In honour of Sir David Attenborough’s influence on their lives and careers, Gabonese and French botanists have named a genus of flowering plants Sirdavidia. The new genus and species of flowering plants come from the custard apple family Annonaceae.
The botanists who made the discovery, published their study in the open access academic journal PhytoKeys (citation below).
What makes this new discovery so special? The new genus was established to accommodate an unusual species found in Monts de Cristal National Park in Gabon. The team had been on an expedition, concentrating on Magnoliidae floral diversity in rain forests, to which the Annonaceae family belongs.
Sirdavidia solannona, a new genus and species of flowering plants from the custard apple family, Annonaceae. (Image: PhytoKeys)
The botanists were surprised to discover an unusual Annonaceae not only in one of the best-known botanical areas of Gabon, but also very near to a main road.
Maybe nobody had stumbled upon it before because it is so rare, the authors suggest.
After combing the area thoroughly, looking for more Sirdavidia solannona specimens, the team only found them in two localities. This prompted them to initially class the new species as Endangered.
Raoul Niangadouma, senior botanist at the Herbier National du Gabon (National Herbarium of Gabon), Libreville, commented:
“This new discovery underlines once again the importance of the Gabonese national parks for conserving the wonderful yet incompletely known biodiversity for the country and Africa.”
Senior author, Dr. Hervé Sauquet, an Associate Professor at Université Paris-Sud, said:
“The last thing on my mind when starting this expedition was to discover a new species, let alone a new genus!. We aimed for well-known regions in Gabon because we wanted to be sure to find the necessary flowers for our project.”
With its loosely-arranged bright yellow stamens contrasting with its red petals, the flowers of this newly-discovered small tree did not quite fit any of the previously described genera.
Sirdavidia solannona, open flower and flower buds. (Image: PhytoKeys)
DNA sequence analyses showed it was a new genus
The botanists said the plant needed to be classified with a completely new genus. Dr. Bonaventure Sonké, Professor at the Université de Yaoundé I in Cameroon, who carried out DNA sequence analyses, proved the researchers right.
The scientists were amazed that Sirdavidia’s closest relative was to be found about 3,000 km (1,864 miles) away in an isolated Tanzanian forest.
Lead author, Dr. Thomas Couvreur, a researcher at Institut de Recherche pour le Développement, France, currently based in Yaoundé, Cameroon, said:
“It is funny that the new genus is a close relative to Mwasumbia, endemic to Tanzania, a genus I also described a few years ago. When I saw the results of the DNA analysis confirming its position I thought someone was pulling my leg. Discovering two new genera on opposite sides of Africa and they turn out to be closely related!”
The botanists decided to commemorate this unique discovery by naming the new genus Sirdavidia, after Sir David Attenborough, the famous English broadcaster and naturalist.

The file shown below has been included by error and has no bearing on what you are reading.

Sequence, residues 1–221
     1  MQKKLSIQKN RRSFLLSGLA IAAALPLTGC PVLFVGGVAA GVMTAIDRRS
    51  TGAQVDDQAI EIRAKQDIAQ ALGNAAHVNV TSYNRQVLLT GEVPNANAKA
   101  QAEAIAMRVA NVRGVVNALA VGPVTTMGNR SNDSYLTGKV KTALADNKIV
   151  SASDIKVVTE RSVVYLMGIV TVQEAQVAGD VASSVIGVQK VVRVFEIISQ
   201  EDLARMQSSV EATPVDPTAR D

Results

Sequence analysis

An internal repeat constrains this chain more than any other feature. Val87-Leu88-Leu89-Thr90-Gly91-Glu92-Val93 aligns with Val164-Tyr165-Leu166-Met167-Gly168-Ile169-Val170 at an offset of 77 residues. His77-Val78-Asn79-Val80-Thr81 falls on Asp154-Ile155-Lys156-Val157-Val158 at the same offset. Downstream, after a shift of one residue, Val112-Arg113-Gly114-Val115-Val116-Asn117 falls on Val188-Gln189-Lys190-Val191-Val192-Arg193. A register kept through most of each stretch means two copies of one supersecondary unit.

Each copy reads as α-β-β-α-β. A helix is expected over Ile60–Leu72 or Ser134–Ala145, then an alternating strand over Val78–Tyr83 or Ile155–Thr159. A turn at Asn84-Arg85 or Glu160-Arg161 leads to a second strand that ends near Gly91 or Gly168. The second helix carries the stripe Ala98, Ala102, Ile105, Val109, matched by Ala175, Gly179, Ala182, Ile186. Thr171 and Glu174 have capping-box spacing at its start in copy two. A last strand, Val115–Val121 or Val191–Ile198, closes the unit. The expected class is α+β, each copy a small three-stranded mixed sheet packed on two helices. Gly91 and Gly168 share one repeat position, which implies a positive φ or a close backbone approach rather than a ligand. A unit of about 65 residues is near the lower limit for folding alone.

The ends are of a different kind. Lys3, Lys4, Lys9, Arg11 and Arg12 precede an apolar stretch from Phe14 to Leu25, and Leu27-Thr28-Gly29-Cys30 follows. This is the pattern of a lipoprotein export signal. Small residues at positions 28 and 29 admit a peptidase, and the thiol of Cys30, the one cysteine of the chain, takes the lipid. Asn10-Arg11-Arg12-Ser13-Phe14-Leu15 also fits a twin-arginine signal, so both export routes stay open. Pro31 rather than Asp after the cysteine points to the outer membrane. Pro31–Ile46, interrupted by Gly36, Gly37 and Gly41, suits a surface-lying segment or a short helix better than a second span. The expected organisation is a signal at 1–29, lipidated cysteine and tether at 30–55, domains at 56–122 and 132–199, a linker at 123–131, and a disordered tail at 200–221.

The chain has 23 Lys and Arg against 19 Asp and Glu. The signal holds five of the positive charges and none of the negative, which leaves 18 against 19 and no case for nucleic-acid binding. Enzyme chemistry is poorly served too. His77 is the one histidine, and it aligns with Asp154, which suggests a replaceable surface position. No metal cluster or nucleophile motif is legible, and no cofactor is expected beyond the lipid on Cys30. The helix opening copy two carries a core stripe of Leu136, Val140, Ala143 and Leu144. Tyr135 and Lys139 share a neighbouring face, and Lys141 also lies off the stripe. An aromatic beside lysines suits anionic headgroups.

Although several plant species already bear Sir David’s name, Sirdavidia is the first plant genus named after him.
Difference between Species and Genus: Species is the lowest taxonomic rank, and the most basic unit or category of biological classification. Genus is a taxonomic category that is below a family and above a species level.
Dr. Couvreur said:
“Sir David Attenborough has been such a wonderful and important influence in my life and the life of so many. I was really surprised when I realised that no one has named a genus after him before, so I found this discovery an excellent opportunity to honor him with a genus name.”
Dr. Sauquet added:
“I show David Attenborough’s The Private Life of Plants BBC series every year to my students. This will be a nice story to tell them. David Attenborough’s legacy is exactly about that: stimulating passion and interest about the natural world around us.”
Sir David, who was “truly thrilled” when he heard about this new genus, said: “I know very well that such a decision is the greatest compliment that a biologist can pay to another and I am truly grateful.”
The researchers say the flowers of Sirdavidia solannona are probably “buzz pollinated”, a technique some bees use to release pollen which is more or less firmly held by the anthers, thus making pollination more efficient – the bees vibrate their wings to extract pollen grains onto their bellies.
The Sirdavidia flowers look very similar to those of the nightshade or Solanaceae family – champions of buzz pollination.
Drs. Sauquet and Couvreur said:
“What is really special about this is that buzz pollination is unknown in Magnoliideae and early divergent angiosperms in general, which represent around 10,000 species worldwide. If confirmed by our further studies, this will prove to be another very exciting aspect of this discovery!”
Citation: “Sirdavidia, an extraordinary new genus of Annonaceae from Gabon,” Couvreur TLP, Niangadouma R, & Sonké B, Sauquet H. PhytoKeys 46: 1-19. doi: 10.3897/phytokeys.46.8937.